Oh, and "inquisitorial" is the phrase I was looking for to describe the european criminal law system. As opposed to adversarial english based system.
Friday, May 27, 2005
Margo Kingston, probably not for the first time, but who can be bothered checking, officially declares Australia to be a fascist state:
"The "them" is getting bigger every day. First they came for the interlopers, then they came for the undesirables, then they came for the mentally ill, then they came for...
So let's tell it like it is. Let's feel proud to do so, and let's see the vitriol rained down on us for what it is, the scream of the fascists and their yes people now dominating the "governance" of this nation."
Published in that grand journal of political commentary, the Northern Rivers Echo. I wonder what they pay for this. Maybe nothing; they have a lot of pages to fill.
Thursday, May 26, 2005
Sure, things develop and change in the world of science and technology in amazing and interesting ways - just that few people who try to see how those changes will pan out any more than, say, 10 years into the future, rarely seem to get it right.
I have read good articles about this before..must link to them if I can find one on the net.
And remember, Richard Neville calls himself a futurist. Ha!
Tuesday, May 24, 2005
Of all the improvements Margo and Jack could possibly make to their over-wrought undertaking, the bleeding obvious seems to elude them - set a word limit! Who has time to read such rambling posts? I think my days (well, minutes) of wry amusement by dipping my toe into Webdiary may be coming to an end.
What I want to know is what are Muslims astronauts on the Moon going to do? The Moon's always going to be in their view. Has an Iman given this any thought? Maybe Muslims will inherit the earth while the rest of us leave. (Talking long term future here!)
Monday, May 23, 2005
Saw Ms Rau at her press conference on several news shows tonight.
Interesting to note that all reporters made the comment that her statement was at times "rambling" or "hard to follow", and that she denied she had ever been mentally ill.
Why then did they not let us hear any of those parts in her own voice? Instead, all focused on her more rational statements, including the claim for compensation; that she had been locked in a cage like an animal...etc.
The nearest I saw to any hint of madness from her own mouth was her answering the question "why did you keep giving false names" with "I had my reasons". Yes, a strong hint of madness there...but she sounded and looked relatively sane while she said it.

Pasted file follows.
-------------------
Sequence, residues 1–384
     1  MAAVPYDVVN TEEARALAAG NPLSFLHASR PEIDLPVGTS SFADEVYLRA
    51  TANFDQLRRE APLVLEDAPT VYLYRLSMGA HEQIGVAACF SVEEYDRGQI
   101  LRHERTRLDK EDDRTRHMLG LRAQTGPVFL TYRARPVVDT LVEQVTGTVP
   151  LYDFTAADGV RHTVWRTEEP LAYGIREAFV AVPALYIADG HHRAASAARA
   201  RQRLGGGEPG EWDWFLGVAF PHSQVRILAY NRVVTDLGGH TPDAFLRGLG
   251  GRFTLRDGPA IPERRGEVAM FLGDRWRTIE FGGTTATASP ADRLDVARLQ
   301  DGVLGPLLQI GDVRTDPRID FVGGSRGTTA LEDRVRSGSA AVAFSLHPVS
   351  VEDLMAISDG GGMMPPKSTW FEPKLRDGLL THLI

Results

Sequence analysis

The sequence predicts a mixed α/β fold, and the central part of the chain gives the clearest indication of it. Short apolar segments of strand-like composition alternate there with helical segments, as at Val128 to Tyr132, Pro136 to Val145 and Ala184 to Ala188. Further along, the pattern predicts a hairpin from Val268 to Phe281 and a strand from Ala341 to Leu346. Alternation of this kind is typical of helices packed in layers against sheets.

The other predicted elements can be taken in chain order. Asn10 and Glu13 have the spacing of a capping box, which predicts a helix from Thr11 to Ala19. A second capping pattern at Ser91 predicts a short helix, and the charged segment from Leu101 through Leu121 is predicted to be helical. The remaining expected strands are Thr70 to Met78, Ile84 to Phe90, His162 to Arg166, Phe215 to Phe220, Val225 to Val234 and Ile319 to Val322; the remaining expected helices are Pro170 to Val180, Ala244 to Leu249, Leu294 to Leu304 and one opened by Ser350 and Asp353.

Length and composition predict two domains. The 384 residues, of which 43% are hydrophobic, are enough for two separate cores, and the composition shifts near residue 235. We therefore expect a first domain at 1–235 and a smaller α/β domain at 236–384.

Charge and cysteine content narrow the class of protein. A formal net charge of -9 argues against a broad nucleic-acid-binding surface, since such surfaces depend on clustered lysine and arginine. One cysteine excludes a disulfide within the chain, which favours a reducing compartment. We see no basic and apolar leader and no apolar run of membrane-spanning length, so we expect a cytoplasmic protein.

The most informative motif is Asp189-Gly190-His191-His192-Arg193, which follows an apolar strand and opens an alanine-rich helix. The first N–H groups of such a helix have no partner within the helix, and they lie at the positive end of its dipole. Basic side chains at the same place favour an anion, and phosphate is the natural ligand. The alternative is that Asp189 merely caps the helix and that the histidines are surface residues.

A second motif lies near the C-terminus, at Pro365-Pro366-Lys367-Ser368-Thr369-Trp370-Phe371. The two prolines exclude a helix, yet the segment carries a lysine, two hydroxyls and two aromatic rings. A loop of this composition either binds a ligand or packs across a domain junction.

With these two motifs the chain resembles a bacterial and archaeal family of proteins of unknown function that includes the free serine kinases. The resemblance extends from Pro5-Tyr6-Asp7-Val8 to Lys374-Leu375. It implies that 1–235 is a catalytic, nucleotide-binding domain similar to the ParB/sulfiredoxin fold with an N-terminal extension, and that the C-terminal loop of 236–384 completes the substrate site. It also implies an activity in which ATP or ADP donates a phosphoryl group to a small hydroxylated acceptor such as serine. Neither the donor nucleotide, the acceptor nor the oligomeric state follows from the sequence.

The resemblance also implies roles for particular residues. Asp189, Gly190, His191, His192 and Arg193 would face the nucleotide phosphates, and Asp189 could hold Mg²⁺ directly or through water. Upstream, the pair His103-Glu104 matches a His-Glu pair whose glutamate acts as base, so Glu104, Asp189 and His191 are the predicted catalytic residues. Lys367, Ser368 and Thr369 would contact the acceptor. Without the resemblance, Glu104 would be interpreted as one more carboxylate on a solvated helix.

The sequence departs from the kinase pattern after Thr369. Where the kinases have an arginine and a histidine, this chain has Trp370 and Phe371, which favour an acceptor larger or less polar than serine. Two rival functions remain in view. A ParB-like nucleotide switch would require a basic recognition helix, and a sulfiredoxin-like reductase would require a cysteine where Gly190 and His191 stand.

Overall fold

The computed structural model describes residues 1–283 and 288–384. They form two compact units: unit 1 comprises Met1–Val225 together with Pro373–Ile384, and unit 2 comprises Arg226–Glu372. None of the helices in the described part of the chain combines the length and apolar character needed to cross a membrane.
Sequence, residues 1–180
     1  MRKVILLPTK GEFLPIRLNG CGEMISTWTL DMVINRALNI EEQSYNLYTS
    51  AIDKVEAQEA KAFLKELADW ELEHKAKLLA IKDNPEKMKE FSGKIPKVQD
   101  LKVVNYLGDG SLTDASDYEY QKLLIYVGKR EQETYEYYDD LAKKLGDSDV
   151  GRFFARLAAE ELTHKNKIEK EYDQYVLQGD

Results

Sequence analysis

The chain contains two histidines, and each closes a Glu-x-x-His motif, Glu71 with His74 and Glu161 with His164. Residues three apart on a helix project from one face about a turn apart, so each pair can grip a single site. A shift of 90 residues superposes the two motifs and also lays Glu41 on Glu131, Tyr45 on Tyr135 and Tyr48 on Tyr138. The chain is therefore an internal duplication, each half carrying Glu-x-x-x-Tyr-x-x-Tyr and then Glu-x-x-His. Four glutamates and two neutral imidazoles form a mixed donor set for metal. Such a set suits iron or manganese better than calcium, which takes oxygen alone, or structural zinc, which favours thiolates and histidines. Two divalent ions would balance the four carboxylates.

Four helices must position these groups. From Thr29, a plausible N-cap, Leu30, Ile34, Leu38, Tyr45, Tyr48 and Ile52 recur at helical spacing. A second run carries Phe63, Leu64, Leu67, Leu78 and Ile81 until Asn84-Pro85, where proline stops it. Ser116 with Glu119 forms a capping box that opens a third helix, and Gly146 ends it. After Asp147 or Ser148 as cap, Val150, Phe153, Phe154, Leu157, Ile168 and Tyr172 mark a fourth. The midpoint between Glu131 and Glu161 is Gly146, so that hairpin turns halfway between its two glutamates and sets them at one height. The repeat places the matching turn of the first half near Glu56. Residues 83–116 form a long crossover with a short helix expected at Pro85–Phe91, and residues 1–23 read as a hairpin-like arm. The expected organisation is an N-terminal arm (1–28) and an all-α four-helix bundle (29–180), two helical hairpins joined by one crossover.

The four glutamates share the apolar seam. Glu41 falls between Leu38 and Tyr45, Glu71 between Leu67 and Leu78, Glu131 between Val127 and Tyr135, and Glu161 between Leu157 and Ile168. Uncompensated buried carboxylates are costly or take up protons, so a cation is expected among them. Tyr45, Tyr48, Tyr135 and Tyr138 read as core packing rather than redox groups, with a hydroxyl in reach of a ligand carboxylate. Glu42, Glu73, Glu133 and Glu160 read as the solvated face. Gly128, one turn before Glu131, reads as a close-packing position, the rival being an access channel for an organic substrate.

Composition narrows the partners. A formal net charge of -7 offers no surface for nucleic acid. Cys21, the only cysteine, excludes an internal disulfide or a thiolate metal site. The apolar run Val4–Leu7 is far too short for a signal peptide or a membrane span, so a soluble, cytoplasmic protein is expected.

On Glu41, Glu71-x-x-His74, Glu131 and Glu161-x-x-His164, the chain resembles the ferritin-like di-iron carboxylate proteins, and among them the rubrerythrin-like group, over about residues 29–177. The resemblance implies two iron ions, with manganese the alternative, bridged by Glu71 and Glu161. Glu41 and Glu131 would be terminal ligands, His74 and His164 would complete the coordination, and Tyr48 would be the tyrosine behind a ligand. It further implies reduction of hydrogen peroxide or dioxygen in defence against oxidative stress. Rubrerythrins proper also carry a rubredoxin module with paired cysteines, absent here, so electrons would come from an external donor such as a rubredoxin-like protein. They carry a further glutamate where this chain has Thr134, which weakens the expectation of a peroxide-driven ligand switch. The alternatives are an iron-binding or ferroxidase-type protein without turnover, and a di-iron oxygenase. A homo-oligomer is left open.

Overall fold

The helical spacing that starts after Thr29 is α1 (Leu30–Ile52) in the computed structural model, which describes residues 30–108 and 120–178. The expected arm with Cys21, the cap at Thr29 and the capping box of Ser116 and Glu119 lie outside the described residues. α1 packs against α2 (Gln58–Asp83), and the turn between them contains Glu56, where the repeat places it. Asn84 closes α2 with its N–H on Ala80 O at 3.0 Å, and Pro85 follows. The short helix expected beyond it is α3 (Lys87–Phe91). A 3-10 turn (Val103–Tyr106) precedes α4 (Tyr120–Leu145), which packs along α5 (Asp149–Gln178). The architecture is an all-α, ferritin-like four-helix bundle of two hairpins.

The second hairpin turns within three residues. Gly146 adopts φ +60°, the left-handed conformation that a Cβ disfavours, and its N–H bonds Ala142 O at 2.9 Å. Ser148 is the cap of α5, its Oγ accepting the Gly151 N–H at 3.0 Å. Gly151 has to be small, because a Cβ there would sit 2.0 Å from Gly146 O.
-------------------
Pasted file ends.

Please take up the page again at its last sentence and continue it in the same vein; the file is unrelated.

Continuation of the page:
Look, there are a couple of obvious lessons from the Rau and Solon cases:
1. Our system for nationally co-ordinating Missing Persons reports seems pretty crappy, and needs to be made truely national (within hours of reporting) and easy to use for all government authorities at all levels. Just spend a few million bucks setting that up, John Howard, with some face recognition software thrown in, and you will be on a winner.
2. Mental health services are also pretty crappy, but this is pretty much entirely a State issue. (With the exception of the need to ensure the operators of detention centres start paying more attention to when fellow inmates start worrying about the mental health of one of thier own, and get the person checked faster than it took in Rau's case.)
3. Immigration officials have to start checking the new, you-beaut, centralised and computerised missing persons data base before they deport, not after.
4. It kinda helps if relatives of the mentally ill report said missing relative a bit faster than the 5 of 6 months months it took Cornelia's sister to do it. Boy, was that glossed over quickly in the Four Corners story a few weeks ago. Blink and you would've missed it.
None of this stuff is going to dint the Federal government's popularity, cos most voters recognise that mad people who persistently give false names sometimes end up being on the receiving end of serious mistakes and less than perfect administrative decisions.
Can't wait to see what Margo Kingston's crowd say about the interview. More gnashing of teeth I am sure.